There has been much discussion lately about Lance Armstrong and his admission of doping during the length of his cycling career. I don’t usually go for this sort of topic, but I made the time to actually watch the Oprah interview out of curiosity. I fully expected to be disgusted with him, but to my surprise I really wasn’t. In fact, the more I pondered his situation and admission, I simply felt the best reaction was to shrug my shoulders in disappointment and pity. Sure, he’s cocky and arrogant even now after he’s been humiliated – but I don’t hate him. In my mind, he’s simply human like the rest of us. He set out to win at all costs, and succeeded.

When you think about it, the Lance Armstrong we all knew was a type of fictional super hero. Competing in a sport that sat behind so many other more popular international sports, it was inspiring to see someone with such super human ability take on a literal, harrowing road to victory. When he over came cancer and still won, he became an inspiration, a role model – almost an underdog who fell from glory and made his way back to the top through sheer will and raw athletic ability. Now Lance is just another exceptional person who won, not by natural methods or talent alone – but who stacked the odds in his favor by doping and enhancing his abilities in order to win. He’s not a role model or hero, but he’s still won.

The nature of competition is to win at all costs, doing whatever it takes. Theoretically, whether a person cheated or not doesn’t really seem to matter all that much. They still experience “the winning moment” and no one can really ever take that intoxicatingly wonderful moment away. In those moment, all of the races that Lance Armstrong won are still just as sweet. His sham organization, Oprah interview and sullied name cannot change those winning moments in the history of his life. Moments that you or I may never experience. And that’s the main point of competition – to win. Not to be a good or charitable person or even a role model. It’s just not what the word means.

This is why we love “the underdog” and “the cinderella story.” They embody the idea of winning all on one’s own merit and by following the rules. By doing this, they become something more than just the winner. That is when heroes, icons, and role models are born. The perfect example being the training montage from Rocky 4 where Rocky is in the frozen siberian tundra jogging on the edge of a mountain to train. In contrast the next scene cutting to Ivan Drago being injected with steroids and training on a treadmill in warmth and comfort.

In the end Rocky wins (and ends communism, but that’s another story). But in reality, could he really have won? I mean, Ivan Drago was 3 times his size AND was on HGH most likely. The man killed Apollo in the ring for God’s sake.

We show our growing progeny movies like Rocky when they are young to instill the value of following the rules and working against the odds. We hope when they are old enough that they will choose the high road like the examples we tried to give them- but it’s not an easy path. As much as we love them and admire them, the underdog rarely wins and, yes, of course, it’s better to strive to be a role model or hero and not just win all of the time. But just like those cyclists who weren’t doping in those Tour D’France races, we won’t know their names. They are undoubtedly better people than Lance Armstrong; probably living very full and gratified lives. But they didn’t win – and that was the whole point.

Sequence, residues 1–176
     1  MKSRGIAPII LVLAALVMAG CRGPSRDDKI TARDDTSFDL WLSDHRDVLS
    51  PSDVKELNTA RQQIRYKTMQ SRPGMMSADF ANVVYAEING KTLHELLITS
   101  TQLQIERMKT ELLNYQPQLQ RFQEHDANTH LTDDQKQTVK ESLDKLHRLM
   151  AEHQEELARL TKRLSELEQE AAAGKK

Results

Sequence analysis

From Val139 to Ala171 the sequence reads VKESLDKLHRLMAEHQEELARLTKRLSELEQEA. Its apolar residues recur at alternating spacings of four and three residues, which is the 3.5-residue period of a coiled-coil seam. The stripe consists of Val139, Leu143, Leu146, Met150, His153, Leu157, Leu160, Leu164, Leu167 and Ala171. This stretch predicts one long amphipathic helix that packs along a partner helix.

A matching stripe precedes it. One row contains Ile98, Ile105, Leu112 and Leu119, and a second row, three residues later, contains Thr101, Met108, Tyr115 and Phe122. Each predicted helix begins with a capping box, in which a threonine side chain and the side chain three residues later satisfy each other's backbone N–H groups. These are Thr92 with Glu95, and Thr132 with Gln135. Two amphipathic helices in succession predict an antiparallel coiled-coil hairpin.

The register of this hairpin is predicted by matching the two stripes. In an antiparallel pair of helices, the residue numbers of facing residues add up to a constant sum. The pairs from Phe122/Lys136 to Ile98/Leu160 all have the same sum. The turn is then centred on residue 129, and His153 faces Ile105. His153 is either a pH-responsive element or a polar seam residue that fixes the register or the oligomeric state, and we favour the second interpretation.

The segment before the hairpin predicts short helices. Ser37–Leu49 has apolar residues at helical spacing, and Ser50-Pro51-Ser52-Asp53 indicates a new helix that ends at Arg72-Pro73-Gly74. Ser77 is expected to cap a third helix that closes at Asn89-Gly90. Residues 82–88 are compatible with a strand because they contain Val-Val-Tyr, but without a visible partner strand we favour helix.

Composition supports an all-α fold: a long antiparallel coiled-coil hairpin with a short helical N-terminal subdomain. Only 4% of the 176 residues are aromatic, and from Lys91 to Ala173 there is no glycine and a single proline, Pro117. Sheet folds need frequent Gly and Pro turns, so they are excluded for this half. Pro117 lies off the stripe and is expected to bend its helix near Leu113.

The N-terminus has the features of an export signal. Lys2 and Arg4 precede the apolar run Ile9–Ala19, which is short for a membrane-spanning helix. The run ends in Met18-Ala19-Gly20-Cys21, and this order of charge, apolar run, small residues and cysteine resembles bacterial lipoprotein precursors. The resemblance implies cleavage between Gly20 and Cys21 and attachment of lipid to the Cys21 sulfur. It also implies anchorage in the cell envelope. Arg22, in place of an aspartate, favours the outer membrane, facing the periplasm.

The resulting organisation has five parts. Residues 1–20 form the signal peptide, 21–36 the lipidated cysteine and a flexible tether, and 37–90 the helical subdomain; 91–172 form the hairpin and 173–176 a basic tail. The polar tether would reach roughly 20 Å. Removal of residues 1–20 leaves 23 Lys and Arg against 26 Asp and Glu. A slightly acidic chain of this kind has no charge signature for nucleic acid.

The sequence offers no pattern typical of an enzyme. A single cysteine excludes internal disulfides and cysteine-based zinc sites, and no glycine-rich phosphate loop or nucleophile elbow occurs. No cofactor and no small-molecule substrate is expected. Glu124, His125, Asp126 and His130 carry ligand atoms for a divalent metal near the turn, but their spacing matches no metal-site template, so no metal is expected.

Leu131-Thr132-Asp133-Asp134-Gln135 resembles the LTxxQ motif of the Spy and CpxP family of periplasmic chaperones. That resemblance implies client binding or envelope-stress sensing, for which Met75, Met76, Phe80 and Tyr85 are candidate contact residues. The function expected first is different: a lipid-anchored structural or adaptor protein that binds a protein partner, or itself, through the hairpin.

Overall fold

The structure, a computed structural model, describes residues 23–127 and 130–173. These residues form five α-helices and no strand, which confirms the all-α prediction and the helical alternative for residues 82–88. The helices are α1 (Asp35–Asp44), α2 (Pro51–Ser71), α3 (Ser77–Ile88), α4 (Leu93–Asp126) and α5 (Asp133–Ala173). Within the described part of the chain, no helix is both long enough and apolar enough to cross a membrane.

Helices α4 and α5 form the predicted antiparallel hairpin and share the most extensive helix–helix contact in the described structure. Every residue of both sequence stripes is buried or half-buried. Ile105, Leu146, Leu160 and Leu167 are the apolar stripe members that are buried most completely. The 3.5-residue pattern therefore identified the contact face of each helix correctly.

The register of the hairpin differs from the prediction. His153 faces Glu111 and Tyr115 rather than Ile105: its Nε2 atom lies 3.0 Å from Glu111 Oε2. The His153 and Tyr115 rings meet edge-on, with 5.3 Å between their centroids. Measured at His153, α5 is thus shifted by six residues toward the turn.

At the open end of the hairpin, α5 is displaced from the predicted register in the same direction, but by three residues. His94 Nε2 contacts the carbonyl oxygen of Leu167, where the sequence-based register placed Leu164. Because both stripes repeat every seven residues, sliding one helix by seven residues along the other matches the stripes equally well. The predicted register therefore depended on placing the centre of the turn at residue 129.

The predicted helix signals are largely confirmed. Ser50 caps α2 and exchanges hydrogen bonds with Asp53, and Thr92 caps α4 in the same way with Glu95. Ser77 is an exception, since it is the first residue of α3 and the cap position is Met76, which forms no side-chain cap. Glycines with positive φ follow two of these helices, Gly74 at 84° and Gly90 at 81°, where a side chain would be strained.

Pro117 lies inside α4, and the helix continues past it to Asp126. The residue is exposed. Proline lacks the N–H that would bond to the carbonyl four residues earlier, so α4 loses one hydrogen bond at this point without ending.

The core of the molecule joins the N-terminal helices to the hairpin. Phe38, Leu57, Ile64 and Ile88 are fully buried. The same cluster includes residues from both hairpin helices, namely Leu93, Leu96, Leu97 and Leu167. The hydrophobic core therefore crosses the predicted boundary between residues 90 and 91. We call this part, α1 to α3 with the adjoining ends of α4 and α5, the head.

“It’s not whether you win or lose, it’s how you play the game.” The loser may be the better person, but if feels damn good to win. We fight wars, play sports and buy lottery tickets all on a quest to get that elusive feeling. Competing to win is in our blood. As a parent, I do my best to raise a Rocky, hoping that when the time comes for him to compete, he’ll choose the mountain and not the treadmill.

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oojamaflip


oojamaflip n. something that one cannot or does not want to name

Whatchamacallit, whatsit, thingamagig…oojamaflip. So now I have added a new nonsense word to my repertoire. Awesome. I have never heard this word used in common language. It makes me think of the whatchamacallit candy bar – which is really tasty. It also makes me think of Fraggle Rock, which is also a wonderful thing. The Doozers were my favorite and they actually have the Doozer knitting song on Youtube – which just made my day…

Now that I have a baby, I’ve realized how poor the quality of children’s television is. Sesame Street is ALL ELMO. I feel like Jim Henson would be so disappointed. There should be more Oscar and Grover. Snuffy is never on anymore! Sesame Street and the Muppets were so intelligently made that adults could enjoy them. I can’t stand the children’s shows today. Thomas the Tank Engine? Dora? Really? It’s so depressing. Creepy Mister Rogers was ten times better. Those puppets in the Land of Make Believe were freaky as hell, but they lit the match on a child’s imagination.

I think that may be the nub of the problem with children’s television these days…they go too far. The muppets, fraggles and creepy puppets were almost a real life depiction of a child’s imaginary friends. They sparked childrens creativity without doing the whole job for them. This is why I hate toys that make noise and move. Children need to learn how to create their own thoughts and imaginations…not have everything done for them. My husband and I talk about the toys we loved as kids – Memory Games, Sit and Spin, Choose Your Own Adventure books. Let’s hope the whole retro fad extends into children’s toys, games and television.